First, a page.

Beirut Art Film Festival returns for its fourth edition this November, with a program of over 60 local and international fiction and documentary films, staged at venues around Lebanon, catering to lovers of the arts.
The theme of BAFF 2018 is “Tomorrow,” with hopes of kindling change among festivalgoers and a better future.
Tomorrow means the youth of Lebanon, BAFF founder and gallerist Alice Mogabgab said at the festival’s press conference, “the kids in schools and universities, and we will be visiting all the schools of Lebanon both private and public. We also can’t look to tomorrow if we don’t take lessons from the past.
“Cultural documentary films highlight these lessons and prominent figures from the past that had an impact on society and culture and improved society,” she added. “This festival’s role is to create awareness about these films to help us see how we can improve our future.”
BAFF is split into two halves. Projected at Metropolis-Sofil, the “intramuros” program runs Nov. 20-25, while the “extramuros” program comprises projections in schools, universities and cultural institutions around the capital and beyond.
The eclectic program speaks to varied tastes taking up subjects like theater, fine art, dance, music, history, photography and more, spanning Vermeer to the late DJ Avicci.
The Metropolis program will open with the national premiere of Henri de Gherlache’s 2017 documentary “Maurice Bejart, l’ame de la danse,” sponsored by the Swiss embassy. The doc was made to commemorate the 10th anniversary of the choreographer’s death, chronicling his life, work and renown.
The documentary “Niemeyer 4 Ever,” an emotional look at Tripoli’s Rashid Karami International Fair directed by Nicholas Khoury and produced by BAFF, will have its world premiere at BAFF.
Produced in the past nine months, the doc is the first in a collaboration with the Tourism Ministry that will see BAFF produce a series of documentaries on national heritage.
Projected during the news conference, Khoury’s 30-minute film blends the voices of architect Wassim Naghi and local resident Rawya Mazjoub with scenes of dancer Charlie Prince moving among Niemeyer’s concrete structures.
Other highlights include two films about Venetian painter Jacopo Tintoretto, produced by the Washington National Gallery of Art. The films promote an upcoming exhibition celebrating the 500th anniversary of renowned artists, which will be held at the gallery in January.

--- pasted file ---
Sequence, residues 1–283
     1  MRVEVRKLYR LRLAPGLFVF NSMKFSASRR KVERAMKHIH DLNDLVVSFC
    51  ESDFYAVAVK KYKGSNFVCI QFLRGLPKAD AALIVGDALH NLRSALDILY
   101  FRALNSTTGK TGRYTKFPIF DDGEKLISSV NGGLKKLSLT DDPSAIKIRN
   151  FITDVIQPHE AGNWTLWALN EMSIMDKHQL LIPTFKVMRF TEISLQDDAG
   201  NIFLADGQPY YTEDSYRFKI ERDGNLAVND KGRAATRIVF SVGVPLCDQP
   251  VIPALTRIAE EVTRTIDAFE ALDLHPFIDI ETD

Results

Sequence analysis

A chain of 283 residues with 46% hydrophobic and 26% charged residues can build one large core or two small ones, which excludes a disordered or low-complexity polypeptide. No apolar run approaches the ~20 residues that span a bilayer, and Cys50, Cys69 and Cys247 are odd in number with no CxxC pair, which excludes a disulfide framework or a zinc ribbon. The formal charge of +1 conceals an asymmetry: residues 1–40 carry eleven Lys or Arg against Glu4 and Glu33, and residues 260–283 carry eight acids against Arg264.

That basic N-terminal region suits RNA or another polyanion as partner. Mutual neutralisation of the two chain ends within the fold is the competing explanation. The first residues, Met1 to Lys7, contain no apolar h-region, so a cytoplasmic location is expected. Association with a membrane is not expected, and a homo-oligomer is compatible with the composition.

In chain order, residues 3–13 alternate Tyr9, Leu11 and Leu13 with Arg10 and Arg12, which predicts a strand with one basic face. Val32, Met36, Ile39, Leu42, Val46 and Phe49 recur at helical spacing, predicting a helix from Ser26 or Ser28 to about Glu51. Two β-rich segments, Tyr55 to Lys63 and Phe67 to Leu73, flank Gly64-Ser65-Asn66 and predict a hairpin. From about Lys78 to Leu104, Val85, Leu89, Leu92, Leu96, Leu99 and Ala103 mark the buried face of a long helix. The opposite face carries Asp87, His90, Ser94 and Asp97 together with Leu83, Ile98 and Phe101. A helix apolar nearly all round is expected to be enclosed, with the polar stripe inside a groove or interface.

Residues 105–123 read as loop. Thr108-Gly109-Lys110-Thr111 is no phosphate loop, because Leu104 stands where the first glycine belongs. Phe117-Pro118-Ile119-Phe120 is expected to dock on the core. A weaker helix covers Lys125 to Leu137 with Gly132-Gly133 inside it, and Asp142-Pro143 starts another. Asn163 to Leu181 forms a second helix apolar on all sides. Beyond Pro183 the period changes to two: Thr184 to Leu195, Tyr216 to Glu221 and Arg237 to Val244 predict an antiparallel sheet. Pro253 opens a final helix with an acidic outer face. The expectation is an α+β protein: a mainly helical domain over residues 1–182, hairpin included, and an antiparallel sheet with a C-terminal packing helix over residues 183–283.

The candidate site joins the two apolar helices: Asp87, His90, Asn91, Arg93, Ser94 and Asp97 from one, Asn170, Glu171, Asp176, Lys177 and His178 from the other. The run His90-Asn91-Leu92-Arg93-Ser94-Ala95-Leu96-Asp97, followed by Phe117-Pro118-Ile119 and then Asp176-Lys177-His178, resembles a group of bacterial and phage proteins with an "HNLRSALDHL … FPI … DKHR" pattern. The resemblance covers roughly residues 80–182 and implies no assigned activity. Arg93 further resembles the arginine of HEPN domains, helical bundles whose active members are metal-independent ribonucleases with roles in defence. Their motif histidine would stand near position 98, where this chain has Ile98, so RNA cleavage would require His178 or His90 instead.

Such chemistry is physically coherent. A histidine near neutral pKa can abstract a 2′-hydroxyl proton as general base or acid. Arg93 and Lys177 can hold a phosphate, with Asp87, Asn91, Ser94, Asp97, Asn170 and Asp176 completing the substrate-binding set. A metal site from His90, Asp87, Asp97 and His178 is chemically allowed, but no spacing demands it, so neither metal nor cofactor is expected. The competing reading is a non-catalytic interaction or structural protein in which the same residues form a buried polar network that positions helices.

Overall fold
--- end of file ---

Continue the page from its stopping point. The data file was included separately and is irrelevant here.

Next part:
Courtesy of the Japanese embassy in Lebanon, Kaku Arakawa’s “Never-Ending Man: Hayao Miyazaki” explores the career of the renowned Japanese animator and filmmaker behind Studio Ghibli and such award-winning films as “Spirited Away.”
“When I was young I would watch his films many times, especially ‘My Neighbor Totoro,’” the embassy’s cultural attaché Ai Odoriba said. “Although most of the characters in his movies are children, Ghibili also captures the hearts and minds of adults in and out of Japan. His films deal with war, nature and other important topics.
“The documentary screened during this festival,” she added, “is the story of this man who decided to retire aged 72 but decided to make one last film.
“He determined to use a technique he had avoided in the past, 3D animation, as a means to express his ideas that were not possible to convey with hand draw animation and it is likely his next film will be released in 2020.”
This year’s “Hats Off” section pays tribute to Lebanese filmmaker Georges Nassar, screening two documentaries about the director. “L’Artisanat au Liban,” commissioned by the Tourism Ministry, will be shown alongside Badih Massaad and Antoine Waked’s “Un Certain Nassar,” which focuses on Nassar’s journey to become the first director to represent Lebanon at the Cannes film festival.
The extramural festival will be offering free screenings throughout November into December at schools, universities and cultural institutions across the country.
The “BAFF for Youth” program (Nov. 1-19) projects a selection of films at 16 universities; the “BAFF Loves Lebanon” program will target 14 cultural institutions.
Staged in collaboration with the U.S. and Swiss Embassies, the “BAFF @ School” program (Nov. 1-Dec. 22) takes two documentaries on the road. Mark Daniel’s “Lady Liberty,” which looks at the iconic statue, will be shown in 3000 public institutions and schools across Lebanon.
With the help of the Swiss embassy, BAFF 2018 is also putting an environmental foot forward with the launch of “No Water, No Life,” a campaign to raise awareness about the Lebanese water crisis.
In this regard, the second documentary to tour Lebanese schools is Paul Cochran and Karim Eid-Sabbagh’s “We Made Everything From Water.” This AUB production will be screened at all schools, inviting students to debate the water crisis.
“Tomorrow is also about environment, which is in danger and there can be no tomorrow if we have no water or air to breath,” Mogabgab noted. “We wanted all the institutes and educational centers to partner with us to screen a film about the water crisis in Lebanon so we can see what is happening. It’s not cultural but it is about society and we’re all responsible.”
BAFF runs at Metropolis Cinema, Nov. 20-25 and is showing at other venues around Lebanon, Nov. 1-30. For the full program, visit bafflebanon.org
This article has been adapted from its original source.
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